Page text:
Is Android a dangerous monopoly?

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I can't confirm Bloomberg's report that the the U.S. Federal Trade Commission and Justice Department allegedly are beginning a joint investigation into Google's Android licensing agreements. But I can explain what it means. Striping to the bones, from an antitrust perspective, there are two pivot points: Monopoly position and exclusive contracts. Then there is the broader regulatory agenda: Correcting (or preventing future) consumer harm.

Globally, Android is unquestionably a monopoly in the market for smartphones. However, its dominance in the United States is comparably muted by competition from iPhone. Based on smartphone subscribers, Android's share was 51.4 percent for the three months ending July 31, 2015, according to comScore. iOS ranked second with 44.2 percent. By cell phone manufacturer, Apple leads the market, with the same share, followed by Samsung (27.3 percent). Android is leading but declining—down 0.8 points, while iOS is up 1.1 points, from April to July.

Devil in the Details

I intimately covered Microsoft's U.S. antitrust troubles from 1997 through the judge's final decree at the end of 2002. Legal experts and others more directly involved in the case agreed on at least one thing: Attorneys general for federal and state governments might never have brought the case(s) if not for exclusive agreements that Microsoft imposed on its manufacturing partners. Keyword: Exclusive, and the deals favoring the software giant's products and services (like Internet Explorer) over competitor's wares. Exclusivity that shut out competitors caused consumer harm, trustbusters reasoned.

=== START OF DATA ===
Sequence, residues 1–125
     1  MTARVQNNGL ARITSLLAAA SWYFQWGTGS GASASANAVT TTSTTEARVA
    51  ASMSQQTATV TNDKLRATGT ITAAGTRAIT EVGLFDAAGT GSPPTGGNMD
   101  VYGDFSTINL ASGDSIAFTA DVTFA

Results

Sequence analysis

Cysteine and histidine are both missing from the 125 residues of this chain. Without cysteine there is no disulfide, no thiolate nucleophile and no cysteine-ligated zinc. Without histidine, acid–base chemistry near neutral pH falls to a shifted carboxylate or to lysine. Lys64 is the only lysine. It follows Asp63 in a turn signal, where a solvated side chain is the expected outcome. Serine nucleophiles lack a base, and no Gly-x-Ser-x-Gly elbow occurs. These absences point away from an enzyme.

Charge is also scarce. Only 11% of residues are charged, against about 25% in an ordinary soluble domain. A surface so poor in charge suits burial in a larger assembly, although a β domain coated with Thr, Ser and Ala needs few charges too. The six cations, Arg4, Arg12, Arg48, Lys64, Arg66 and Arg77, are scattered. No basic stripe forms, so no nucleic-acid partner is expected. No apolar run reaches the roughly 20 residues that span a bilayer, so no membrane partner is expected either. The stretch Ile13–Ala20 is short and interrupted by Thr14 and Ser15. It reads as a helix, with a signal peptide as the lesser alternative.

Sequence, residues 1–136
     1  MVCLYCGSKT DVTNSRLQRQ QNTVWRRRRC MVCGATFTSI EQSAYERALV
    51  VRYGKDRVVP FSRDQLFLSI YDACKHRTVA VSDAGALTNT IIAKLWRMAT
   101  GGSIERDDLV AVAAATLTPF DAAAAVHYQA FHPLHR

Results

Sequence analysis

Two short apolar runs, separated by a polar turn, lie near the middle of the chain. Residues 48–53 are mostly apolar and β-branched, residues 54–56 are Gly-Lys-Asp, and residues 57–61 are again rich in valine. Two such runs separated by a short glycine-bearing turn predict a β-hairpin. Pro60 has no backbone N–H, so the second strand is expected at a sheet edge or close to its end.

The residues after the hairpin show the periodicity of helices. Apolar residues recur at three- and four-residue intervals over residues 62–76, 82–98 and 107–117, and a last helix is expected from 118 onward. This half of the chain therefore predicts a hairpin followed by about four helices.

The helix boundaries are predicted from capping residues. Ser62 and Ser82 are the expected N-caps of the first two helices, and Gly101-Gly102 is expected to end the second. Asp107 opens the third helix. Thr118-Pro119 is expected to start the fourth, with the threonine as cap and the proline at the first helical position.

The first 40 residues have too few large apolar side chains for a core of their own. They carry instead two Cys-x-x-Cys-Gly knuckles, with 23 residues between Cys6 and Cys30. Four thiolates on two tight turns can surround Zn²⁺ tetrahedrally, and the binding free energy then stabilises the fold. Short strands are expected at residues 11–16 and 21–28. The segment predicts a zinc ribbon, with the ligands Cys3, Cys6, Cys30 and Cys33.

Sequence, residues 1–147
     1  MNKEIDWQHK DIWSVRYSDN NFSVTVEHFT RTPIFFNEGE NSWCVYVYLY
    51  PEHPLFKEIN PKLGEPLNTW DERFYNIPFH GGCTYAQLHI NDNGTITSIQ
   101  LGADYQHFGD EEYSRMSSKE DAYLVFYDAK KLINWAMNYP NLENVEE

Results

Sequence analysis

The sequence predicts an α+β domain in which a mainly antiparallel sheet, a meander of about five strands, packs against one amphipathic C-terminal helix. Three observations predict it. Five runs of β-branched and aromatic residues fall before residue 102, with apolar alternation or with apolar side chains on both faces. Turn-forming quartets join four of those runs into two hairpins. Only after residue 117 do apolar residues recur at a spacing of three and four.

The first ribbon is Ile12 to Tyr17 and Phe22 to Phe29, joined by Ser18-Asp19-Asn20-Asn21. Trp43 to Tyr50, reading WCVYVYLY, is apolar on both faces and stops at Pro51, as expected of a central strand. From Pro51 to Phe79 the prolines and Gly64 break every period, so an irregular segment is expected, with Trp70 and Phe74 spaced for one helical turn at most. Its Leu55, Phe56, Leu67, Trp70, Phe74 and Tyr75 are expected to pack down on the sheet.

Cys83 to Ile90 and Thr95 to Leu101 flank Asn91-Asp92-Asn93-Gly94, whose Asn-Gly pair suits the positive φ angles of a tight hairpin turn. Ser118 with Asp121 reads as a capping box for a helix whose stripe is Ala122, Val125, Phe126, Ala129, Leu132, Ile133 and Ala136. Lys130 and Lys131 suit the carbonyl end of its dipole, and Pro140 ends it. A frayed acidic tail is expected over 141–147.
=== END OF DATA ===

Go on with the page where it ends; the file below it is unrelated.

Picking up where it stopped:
If there is a problem for Android and Google, licensing terms will be the big thing, I predict.

Android is really two operating system. There is the open-source version that anyone can adapt, and there is the other that Google directly licenses which has strings attached. Stated differently: The search and information giant imposes restrictions, with respect to carrying its apps and services. This is why, for example, you don't see Google apps on Kindle devices. Amazon uses open-source Android and customizes for its customers—something it couldn't do the same way licensing the other Android. That customization includes Amazon's own app store, rather than Google Play.

Think of the Android app shop as the platform's beating heart. The Play store-carry requirement, and all the Google apps with it, could be construed as an exclusive arrangement shutting out competing stores. That is from one perspective. But from another, it's not—with Amazon as case study showing that Android can be used without taking Play and everything else that comes with it.

The point is important. Years ago, one legal academic, in describing to me the Microsoft case and the challenge facing government lawyers, likened competition law to the Stanley Cup playoffs. Referees are more likely to allow rough play rather than interfere. U.S. antitrust law is similar, he said, and that's different than regulations in Europe, which protect competitors alongside consumers. Here, preventing consumer harm is the larger objective, where competition often proves to be the best remedy to one player's bad behavior and encourages increased innovation that brings consumers good.

Freedom to Choose